Oct 12, 2021
This report is part of the S&P Global Platts Metals Trade Review series, where we dig through datasets and digest some of the key trends in iron ore, alumina, steel and scrap, and metallurgical coal. We also explore what the next few months could bring, from supply and demand shifts, to new arbitrages, and to quality spread fluctuations.
The prospects of steel billet making inroads into China could continue to look up in Q4, bolstered by state-mandated cuts to crude steel output and power consumption, while at the same time and for the same reasons, there will likely be a dearth of imported recycled steel.
Against this backdrop of output and power cuts, however, China’s demand for billet will also be tempered by the direction iron ore prices take, even though in the case of recycled steel, higher scrap prices overseas will leave China struggling to make sellers look its way.
S&P Global Platts observed 142 spot CFR China billet deals, bids, offers and indicative price points in July, a jump from 86 in June, as iron ore prices hovered above the $200/mt mark. When clear signs as to the extent steelmakers had to cut production across various provinces emerged, billet became a more attractive alternative.
It is worth noting that most of China’s billet imports are sold via traders to non-integrated rerolling mills, mainly in the eastern province of Jiangsu, when prices are economically more attractive than buying domestic. There has, therefore, been no large move by integrated steelmakers to replace lost crude steel output through importing billet.
As iron ore prices plummeted in August and September, spot activity in billet also tapered, but was kept afloat by crude steel output cuts, which made domestic billet more expensive.
The prevailing weakness in buying interest for billet could persist into Q4 should demand in the property market soften and concerns over developers’ debt burden linger.
While September and October typically herald the peak steel demand season, it has, however, been lackluster this year. High freight costs and stringent pandemic-related measures for vessels calling at Chinese ports have hindered trade, but the emissions reduction-linked cuts to crude steel output seem to have surpassed these concerns.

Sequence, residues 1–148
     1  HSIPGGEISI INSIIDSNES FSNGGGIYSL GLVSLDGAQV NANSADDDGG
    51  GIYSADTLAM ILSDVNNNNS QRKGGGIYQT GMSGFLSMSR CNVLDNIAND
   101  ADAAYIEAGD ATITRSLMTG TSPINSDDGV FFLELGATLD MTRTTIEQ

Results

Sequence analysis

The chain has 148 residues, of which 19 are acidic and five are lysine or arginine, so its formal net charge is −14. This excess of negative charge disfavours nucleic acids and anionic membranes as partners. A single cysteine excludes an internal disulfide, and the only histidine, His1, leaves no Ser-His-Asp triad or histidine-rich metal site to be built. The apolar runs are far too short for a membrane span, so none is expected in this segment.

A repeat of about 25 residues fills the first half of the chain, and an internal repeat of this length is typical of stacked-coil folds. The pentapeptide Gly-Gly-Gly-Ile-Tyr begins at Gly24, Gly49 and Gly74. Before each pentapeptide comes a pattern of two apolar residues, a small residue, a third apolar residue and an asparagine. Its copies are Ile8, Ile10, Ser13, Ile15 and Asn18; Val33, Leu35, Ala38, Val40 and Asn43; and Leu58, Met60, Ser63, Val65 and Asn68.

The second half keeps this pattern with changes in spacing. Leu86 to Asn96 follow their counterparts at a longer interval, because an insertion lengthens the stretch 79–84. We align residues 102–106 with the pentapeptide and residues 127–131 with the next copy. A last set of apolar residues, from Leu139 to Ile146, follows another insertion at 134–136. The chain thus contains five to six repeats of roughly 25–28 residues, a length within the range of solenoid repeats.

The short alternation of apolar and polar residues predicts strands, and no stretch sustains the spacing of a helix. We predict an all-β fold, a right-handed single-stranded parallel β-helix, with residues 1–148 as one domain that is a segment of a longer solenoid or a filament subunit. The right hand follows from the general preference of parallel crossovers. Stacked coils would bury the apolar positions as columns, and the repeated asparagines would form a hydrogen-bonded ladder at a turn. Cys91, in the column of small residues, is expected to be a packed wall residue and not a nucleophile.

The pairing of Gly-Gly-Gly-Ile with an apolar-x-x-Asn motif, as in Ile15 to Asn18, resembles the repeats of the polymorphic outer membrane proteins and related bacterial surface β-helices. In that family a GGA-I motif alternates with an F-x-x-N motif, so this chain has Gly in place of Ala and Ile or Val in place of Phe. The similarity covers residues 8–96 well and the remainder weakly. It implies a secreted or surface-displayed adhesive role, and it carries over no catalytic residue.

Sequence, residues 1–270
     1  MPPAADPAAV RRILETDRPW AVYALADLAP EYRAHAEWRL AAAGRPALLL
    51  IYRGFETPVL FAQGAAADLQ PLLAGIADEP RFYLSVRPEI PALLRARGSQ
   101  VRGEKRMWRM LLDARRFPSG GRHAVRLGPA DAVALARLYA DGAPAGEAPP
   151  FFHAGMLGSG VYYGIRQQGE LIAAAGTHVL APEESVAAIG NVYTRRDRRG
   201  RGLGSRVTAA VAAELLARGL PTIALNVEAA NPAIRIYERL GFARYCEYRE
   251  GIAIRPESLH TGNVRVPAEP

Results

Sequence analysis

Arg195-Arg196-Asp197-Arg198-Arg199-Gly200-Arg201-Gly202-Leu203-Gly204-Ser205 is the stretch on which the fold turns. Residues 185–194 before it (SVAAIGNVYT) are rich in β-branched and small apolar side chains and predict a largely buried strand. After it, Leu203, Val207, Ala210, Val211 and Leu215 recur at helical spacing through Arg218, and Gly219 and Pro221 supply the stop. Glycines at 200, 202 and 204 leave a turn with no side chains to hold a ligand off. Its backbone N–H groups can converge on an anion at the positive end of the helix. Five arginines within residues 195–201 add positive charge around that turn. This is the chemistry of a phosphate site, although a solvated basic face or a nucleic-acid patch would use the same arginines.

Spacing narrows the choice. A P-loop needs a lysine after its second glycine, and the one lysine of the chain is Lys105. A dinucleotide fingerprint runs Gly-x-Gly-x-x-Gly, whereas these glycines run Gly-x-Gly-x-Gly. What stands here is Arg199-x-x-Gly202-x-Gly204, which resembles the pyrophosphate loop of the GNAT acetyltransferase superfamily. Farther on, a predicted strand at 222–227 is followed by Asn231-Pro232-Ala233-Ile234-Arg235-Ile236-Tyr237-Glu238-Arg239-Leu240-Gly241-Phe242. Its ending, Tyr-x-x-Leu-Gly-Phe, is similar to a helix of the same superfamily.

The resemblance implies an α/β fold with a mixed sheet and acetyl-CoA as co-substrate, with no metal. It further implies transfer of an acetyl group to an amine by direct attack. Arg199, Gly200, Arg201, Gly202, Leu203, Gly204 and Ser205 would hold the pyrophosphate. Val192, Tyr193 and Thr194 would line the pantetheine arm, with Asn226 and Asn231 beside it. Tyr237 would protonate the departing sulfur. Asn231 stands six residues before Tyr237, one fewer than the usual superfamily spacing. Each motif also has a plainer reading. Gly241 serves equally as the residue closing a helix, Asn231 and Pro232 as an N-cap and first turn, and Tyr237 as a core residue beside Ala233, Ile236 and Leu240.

Since early September, Platts observed an increase in the number of deals for billet of Russian and Middle Eastern origins that were last seen in May, while from Brazil was tracked last in May 2020 — all despite persistently high freight rates.
Trade flows from Indonesia, Vietnam, Thailand and India have also been steady as domestic demand for construction steel took a hit from lockdowns and pandemic control measures. Although, in most of these countries, the number of new infections appear to have passed their peak, which could mean a recovery in domestic steel use in the coming months.
Unlike billet, recycled steel gave China a wide berth in Q3, as crude steel output cuts dampened interest for scrap, while power cuts rendered standalone electric arc furnace-based mills inoperable.
Spot data for recycled steel on a CFR China basis tracked by Platts showed that activity dwindled from 54 in June to just 19 data points in July, and hovered at similar levels for the rest of the quarter.
Recycled steel imports are likely to stay depressed for the rest of the year, even though its usage, as opposed to that of iron ore, is considered of a lower carbon footprint and therefore in line with government policies, because prices in other parts of Asia, like key supplier Japan’s domestic market, are higher.
In the aftermath of crude steel output and power cuts, mills with an intention to buy would have had easy access to domestic recycled steel, cementing resolves to source locally rather than chase Japan’s high offers.
In Japan, strong Q3 crude steel output, that had gobbled up the country’s domestic supply of scrap, is expected to stay firm in Q4, according to its Ministry of Economy, Trade and Industry. This would continue to render its export offers uncompetitive to buyers in China and Southeast Asia.
METI projected Japan’s crude steel output to reach 24.11 million mt over October-December, a growth of 0.8% from Q3, led by stronger demand from the manufacturing sector, which is expected to grow 10.3% in Q4.
Even though Japan’s Q3 scrap exports were limited, the quarterly average of Platts H2 FOB Japan assessments had only slipped a marginal 0.6% to Yen 46,422/mt ($412/mt) from the previous quarter, indicating the strength of domestic demand and prices.
With Japanese mills showing no signs of reining in their scrap purchases, Platts H2 FOB Japan had reached a record high Yen 51,000/mt on Oct. 6, for the first time since the assessment was published in January 2016.
In addition, given the gradual easing of coronavirus-related restrictions and measures in Vietnam, Indonesia and Thailand, market participants expect regional seaborne prices to remain buoyed in Q4.
And as China has supplemented its iron ore imports with billet and pig iron, prospects of it importing recycled steel will continue to be subdued for the rest of the year.